Exit, Voice, and Loyalty Revisited (or: So Much for Federalism, Part 3)
I am tempted to say that Attorney General William Barr’s tagging of Seattle, Portland, and New York as “anarchist jurisdictions” was a tipping point for me. Except: that point had tipped some time ago. Still, it is yet another sign that the experimental federalism behind the US Constitution has given up the ghost.
I visited NYC for the first time in six months last weekend. Parts of it — Times Square and the theater district — were empty, more like something out of the Twilight Zone than an anarchist free-for-all — and others — Central Park and the Metropolitan Museum — were as ordinary as imaginable, except for the masks. Calling NYC “anarchist” is nothing more than political vindictiveness against a place that knows Trump for what he is, and all too well. And it is more than a little hypocritical given Trump’s calls for violence to his base, and his plea for armed goons to “liberate Michigan”. But by now it’s apparent that Trump and his administration do not see themselves as an executive branch for the nation as a whole, any more than Congress sees itself as legislating for anyone but their donors. So much for Federalism, again.
The “deal” with Federalism is: the States have their bailiwick, and the Federal government its own, but the States can count on the Feds to fulfill its part of the contract and treat States and their citizens evenhandedly. So… Federalism, on any plausible interpretation, is dead. Full stop.
I keep thinking of the economic historian Albert O. Hirschman’s classic book Exit, Voice, and Loyalty. Hirschman tried to generalize the ways in which actors involved in all sorts of institutions — governments, states, businesses, markets, churches, etc. — can deal with situations where the institutions fail to address the needs and legitimate expectations of those who participate in them. “Exit” is one option: leave your employer, find another brand, join another party, emigrate. “Voice” is another: try to change that institution from within by making noises and being heard. To the extent that “voice” does not get heard, “exit” becomes a more attractive option, the only mitigating factor being “loyalty” to the institution. But loyalty is not limitless. Striking some kind of practical balance between exit, voice, and loyalty constitutes the dynamics of institutional change, preservation, and collapse.
I do not like to draw this conclusion, but the grounds for loyalty to the federation called the USA are disintegrating by the day — certainly for those locales that the Trump administration is hell-bent on punishing. If voice continues to fail, and loyalty gets one nowhere, exit becomes the sole reasonable option. Unless you are a one-percenter, the Federal government is not just useless: it is actively harmful, especially to your health with 200,000 dead from COVID, and no national policy given Jared-the-ghoul’s religious devotion to the free market. We are literally on our own now.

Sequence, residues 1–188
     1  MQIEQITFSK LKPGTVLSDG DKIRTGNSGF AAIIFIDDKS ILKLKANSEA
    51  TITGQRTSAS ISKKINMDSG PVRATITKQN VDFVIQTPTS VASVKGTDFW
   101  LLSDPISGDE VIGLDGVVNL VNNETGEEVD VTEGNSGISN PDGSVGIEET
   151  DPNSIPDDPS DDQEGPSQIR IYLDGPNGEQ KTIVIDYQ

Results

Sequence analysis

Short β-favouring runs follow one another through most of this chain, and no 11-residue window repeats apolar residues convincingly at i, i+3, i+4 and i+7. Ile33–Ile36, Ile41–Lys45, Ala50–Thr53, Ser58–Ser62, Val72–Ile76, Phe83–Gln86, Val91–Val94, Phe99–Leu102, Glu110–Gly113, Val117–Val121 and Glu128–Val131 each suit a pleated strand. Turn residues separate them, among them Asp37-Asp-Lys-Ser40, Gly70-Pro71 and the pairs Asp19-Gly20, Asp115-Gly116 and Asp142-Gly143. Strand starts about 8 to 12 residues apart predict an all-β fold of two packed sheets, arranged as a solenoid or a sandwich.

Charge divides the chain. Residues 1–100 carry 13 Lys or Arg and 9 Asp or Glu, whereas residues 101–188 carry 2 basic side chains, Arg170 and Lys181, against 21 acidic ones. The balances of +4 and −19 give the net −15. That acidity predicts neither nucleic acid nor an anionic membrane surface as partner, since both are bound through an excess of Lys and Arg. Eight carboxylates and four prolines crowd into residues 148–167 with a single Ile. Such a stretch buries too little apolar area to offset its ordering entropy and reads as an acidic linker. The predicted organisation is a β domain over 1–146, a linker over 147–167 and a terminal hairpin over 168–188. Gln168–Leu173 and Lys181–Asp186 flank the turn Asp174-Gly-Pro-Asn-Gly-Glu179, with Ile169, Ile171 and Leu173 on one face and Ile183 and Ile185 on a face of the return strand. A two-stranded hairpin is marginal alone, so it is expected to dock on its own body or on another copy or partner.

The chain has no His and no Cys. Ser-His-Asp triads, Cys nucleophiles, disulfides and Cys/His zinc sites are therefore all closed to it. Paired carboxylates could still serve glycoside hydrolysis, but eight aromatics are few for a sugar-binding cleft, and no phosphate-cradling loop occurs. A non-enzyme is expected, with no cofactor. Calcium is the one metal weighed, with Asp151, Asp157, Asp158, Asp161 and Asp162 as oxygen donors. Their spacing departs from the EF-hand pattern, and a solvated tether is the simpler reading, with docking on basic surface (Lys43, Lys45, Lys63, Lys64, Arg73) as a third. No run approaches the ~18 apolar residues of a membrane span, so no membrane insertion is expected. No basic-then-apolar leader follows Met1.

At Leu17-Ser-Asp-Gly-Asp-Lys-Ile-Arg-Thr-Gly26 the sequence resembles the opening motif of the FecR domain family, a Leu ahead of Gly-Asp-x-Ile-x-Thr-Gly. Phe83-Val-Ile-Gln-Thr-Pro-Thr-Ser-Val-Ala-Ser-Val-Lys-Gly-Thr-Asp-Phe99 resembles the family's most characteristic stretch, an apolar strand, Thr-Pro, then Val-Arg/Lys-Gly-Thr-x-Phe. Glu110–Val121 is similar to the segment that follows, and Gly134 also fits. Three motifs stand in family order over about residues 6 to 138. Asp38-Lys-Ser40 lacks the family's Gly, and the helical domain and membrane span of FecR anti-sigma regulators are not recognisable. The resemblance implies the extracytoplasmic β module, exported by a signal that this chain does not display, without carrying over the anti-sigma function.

Many of those on the Left dismiss this conclusion as a form of Liberal-Centrist insularity: one does not get what one wants, politically, so one excoriates the red-states whose fealty Trump nurtures, in return for acknowledging their submission as sub-fiefdoms. And what this quickness to embrace exit shows is a snobbish disdain for all those trapped in red-states (which are, like all states, actually varying shades of purple) who suffer mightily at the hands of their Trump-cowed masters — the poor, minorities, the immigrants, the outsiders.
There is more than a little justice to these charges. But what is at issue between “anarchist jurisdictions” and the red-state oppressors of the proletariat is not just terrible policy but democratic reality. The Republican party is “republican” in name only; it is not loyal to liberal-democratic-republican ideals and principles, but is a Schmittian cult of power, enthralled by politics as a war between one’s friends and “the enemy.” Those in states and localities that have been identified by Trump and Barr as “enemies within” face an additional problem to those understood to be “friendly territory” but which also suffer from the regime’s policies. The “anarchist jurisdictions” are also being deliberately marginalized from the democratic process. Exit is never easy, and always the last resort. But if one’s voice is stifled, and one’s loyalty is put under unbearable stress, what resort remains?
We are indeed on our own.
Whether “we” encompasses the States, or a smaller political unit, or the citizenry en masse, will be determined in the next few months. Exit is never an attractive option, but, in a sense, it seems like it’s being forced on us, and the form it will take is that of Yeats’s “rough beast, slouching toward Bethlehem, to be born.” Whatever ensues, it will not be pleasant.
Joe Biden better be prepared to recognize this: it is either rebirth or endgame for the USA.